If you ride the bus or subway to work, prepare to dig a little deeper for the fare in 1981. You might have the correct change ready, too, because it is apt to be more crowded once you get on board.
All indications are that mass transit riders will see higher fares and, in some cities, service cutbacks this year as the nation's bus and rail operators struggle to make it through a difficult financial period.
Figures on the mass transit balance sheet in the United States are looking worse at a time when the incoming Reagan administration is talking of less federal financial operating support.
Transportation Secretary-designate Andrew L. (Drew) Lewis Jr. said at his recent Senate confirmation hearing that the Reagan administration would like mass transit operating subsidies to be reduced to the "lowest possible level." Meanwhile:
* The new year brought to commuters in Washington, D.C., an average increase in bus and rail transit fares of 10 to 15 cents, raising the minimum toll to 60 cents. The Washington Metropolitan Area Transit Authority (WMATA) increased fares last July, and normally would not have sought another hike until the middle of 1981. But a mounting deficit forced the earlier-than-usual fare increase. A WMATA spokesman says service also will be cut this year to hold down costs.
* In Boston, the subway fare doubled last June, but that did not avert a financial crunch in December. To lower expenses, the Massachusetts Bay Transportation Authority has cut some service and plans to reduce or completely eliminate Sunday service later this months.
* The Chicago Regional Transportation Authority raised the basic fare for bus or rail from 60 cents to 80 cents, effective this month. It has scheduled a further increase to $1.00 for August 1981.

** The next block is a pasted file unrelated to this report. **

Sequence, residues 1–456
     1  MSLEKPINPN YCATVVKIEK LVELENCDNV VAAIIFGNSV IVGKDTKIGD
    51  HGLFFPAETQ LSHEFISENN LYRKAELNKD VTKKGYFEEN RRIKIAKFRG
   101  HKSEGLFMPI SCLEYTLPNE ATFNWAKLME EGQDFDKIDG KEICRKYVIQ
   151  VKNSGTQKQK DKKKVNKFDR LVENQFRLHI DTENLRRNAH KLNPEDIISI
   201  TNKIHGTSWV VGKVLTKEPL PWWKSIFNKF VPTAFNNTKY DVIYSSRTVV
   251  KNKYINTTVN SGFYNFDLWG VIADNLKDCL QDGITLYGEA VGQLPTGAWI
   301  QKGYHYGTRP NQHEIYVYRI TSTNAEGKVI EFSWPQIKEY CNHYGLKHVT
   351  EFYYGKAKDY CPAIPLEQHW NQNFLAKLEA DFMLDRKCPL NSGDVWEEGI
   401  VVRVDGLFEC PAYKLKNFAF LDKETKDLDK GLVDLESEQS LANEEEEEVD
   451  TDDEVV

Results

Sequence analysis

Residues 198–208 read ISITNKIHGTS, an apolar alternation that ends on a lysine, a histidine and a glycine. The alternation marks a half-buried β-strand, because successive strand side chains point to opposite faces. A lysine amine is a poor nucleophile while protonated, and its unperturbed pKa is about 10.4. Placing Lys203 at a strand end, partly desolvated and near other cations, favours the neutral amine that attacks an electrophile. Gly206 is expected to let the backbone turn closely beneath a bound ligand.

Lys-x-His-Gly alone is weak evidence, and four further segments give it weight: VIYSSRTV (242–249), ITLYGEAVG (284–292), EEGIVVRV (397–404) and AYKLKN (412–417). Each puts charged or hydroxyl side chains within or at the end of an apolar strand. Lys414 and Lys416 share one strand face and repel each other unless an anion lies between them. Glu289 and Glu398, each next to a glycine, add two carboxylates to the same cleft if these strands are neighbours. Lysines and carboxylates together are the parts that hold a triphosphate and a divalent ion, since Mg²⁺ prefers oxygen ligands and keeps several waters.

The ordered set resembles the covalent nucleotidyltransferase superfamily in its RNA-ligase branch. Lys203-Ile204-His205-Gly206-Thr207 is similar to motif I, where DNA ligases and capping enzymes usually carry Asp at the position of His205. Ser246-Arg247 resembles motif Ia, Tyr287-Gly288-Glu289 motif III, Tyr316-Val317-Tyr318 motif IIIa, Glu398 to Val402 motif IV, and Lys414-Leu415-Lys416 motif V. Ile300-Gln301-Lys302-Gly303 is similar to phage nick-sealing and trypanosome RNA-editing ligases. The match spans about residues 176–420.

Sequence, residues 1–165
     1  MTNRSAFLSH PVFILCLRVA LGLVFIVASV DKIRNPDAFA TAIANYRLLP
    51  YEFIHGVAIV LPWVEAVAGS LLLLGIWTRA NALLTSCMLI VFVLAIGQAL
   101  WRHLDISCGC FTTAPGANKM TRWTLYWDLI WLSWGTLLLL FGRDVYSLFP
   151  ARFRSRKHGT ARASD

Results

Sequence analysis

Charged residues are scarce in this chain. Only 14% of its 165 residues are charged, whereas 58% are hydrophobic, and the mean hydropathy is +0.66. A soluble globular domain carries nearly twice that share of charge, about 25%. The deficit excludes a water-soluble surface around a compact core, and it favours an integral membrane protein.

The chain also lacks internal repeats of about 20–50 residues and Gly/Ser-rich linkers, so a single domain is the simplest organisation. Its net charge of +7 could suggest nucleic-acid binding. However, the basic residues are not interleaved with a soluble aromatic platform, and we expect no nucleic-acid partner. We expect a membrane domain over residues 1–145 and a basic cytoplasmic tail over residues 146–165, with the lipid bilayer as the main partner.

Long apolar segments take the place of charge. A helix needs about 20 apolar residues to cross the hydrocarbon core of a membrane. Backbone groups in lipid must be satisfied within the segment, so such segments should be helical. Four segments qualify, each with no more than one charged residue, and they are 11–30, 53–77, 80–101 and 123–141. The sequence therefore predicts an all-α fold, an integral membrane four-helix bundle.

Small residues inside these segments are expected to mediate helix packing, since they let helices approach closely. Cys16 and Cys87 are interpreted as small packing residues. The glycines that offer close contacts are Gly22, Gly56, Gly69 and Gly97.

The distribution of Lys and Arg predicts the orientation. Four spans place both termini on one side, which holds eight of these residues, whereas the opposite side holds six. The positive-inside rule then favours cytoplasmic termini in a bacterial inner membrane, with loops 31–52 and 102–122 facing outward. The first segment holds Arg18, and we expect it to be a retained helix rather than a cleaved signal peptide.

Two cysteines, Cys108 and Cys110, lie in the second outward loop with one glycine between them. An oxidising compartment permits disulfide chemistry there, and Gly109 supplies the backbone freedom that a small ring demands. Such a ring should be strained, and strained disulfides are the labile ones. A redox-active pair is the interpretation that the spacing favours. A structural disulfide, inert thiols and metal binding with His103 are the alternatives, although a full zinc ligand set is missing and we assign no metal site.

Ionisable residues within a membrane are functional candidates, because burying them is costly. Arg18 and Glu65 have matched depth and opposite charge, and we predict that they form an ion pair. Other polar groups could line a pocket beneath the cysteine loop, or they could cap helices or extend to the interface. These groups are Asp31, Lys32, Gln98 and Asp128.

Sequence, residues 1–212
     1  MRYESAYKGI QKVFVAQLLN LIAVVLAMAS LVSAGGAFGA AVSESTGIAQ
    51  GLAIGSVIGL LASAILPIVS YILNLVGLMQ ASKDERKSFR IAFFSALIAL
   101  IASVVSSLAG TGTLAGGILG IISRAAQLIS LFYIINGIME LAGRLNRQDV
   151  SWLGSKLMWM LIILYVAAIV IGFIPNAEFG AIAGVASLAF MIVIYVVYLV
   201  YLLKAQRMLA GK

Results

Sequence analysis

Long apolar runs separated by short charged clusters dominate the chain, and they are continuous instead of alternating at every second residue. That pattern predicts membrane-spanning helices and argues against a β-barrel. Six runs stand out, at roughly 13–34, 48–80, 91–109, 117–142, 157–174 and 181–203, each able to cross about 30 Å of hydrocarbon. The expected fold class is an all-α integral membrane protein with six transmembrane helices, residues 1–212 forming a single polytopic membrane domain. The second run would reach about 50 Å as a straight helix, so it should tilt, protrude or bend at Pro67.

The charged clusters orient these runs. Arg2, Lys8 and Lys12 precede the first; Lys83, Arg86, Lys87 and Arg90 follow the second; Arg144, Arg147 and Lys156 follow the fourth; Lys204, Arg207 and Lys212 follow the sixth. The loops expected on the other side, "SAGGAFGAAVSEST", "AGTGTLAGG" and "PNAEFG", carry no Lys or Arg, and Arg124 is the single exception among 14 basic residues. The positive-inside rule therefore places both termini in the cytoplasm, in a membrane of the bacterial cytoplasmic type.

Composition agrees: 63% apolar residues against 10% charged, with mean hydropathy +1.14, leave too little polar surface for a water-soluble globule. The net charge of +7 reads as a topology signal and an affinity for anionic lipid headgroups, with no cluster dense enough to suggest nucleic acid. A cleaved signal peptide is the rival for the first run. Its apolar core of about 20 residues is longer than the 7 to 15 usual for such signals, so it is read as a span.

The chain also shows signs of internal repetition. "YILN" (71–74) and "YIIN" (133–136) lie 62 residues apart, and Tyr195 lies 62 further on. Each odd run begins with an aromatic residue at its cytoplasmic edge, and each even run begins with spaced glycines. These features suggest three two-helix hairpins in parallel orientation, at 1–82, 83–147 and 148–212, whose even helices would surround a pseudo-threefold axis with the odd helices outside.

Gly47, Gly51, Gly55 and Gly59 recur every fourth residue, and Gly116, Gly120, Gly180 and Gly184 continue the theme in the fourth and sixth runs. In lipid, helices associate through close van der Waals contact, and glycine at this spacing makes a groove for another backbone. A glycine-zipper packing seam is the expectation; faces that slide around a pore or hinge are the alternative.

These are three examples of a trend toward sharply higher transit fares that began in earnest last year. After years of letting fares lag far behind increases in operating expenses, public transit operators are now playing catch-up.
Many urban transit systems are being pinched by inflation, particularly rising fuel costs, and higher ridership. Because new ridership has come at the peak commute hours when transit systems are already crowded, systems must hire drivers and buy buses that are productive only for about four hours a day. This only serves to widen the deficit.
The average regular fare reported by public transit agencies in a survey in late 1980 was 43 cents -- up about 19 percent from a year earlier. An official with the American Public Transit Association, the Washington trade group that conducted the survey, points out that the rate of increase is much higher than the 7 percent jump in 1979.
For years, transit operators kept fares low in order to attract new passengers and also because government support at the federal, state, and local levels was growing rapidly. However, the rising cost of gasoline has made transit increasingly popular to automobile commuters looking for an alternative means of transportation. As a result, cheap fares are no longer necessary to lure new ridership.
However, Fares, though rising, still provide only about 43 percent of the funds public transit operators nationwide need to operate day to day. Most of the rest of the revenues come from government subsidy, with the federal government contributing about 15 percent of total revenues.
Should President-elect Ronald Reagan follow through with cuts in mass transit operating subsidies, which are distinct from federal aid for capital purchases of buses and other equipment, transit operators would have little choice but to cut service, asserts transportation analyst Michael A. Kemp of the Urban Institute.
He ventures that the less patronized transit routes, such as those in suburbs , would be cut first. Or private alternatives such as charter bus companies and taxi operators may be allowed to fill the vacuum. In central cities, Mr. Kemp believes "transit service will not be allowed to degrade" and looks for fare increases and new local revenue sources to maintain that service.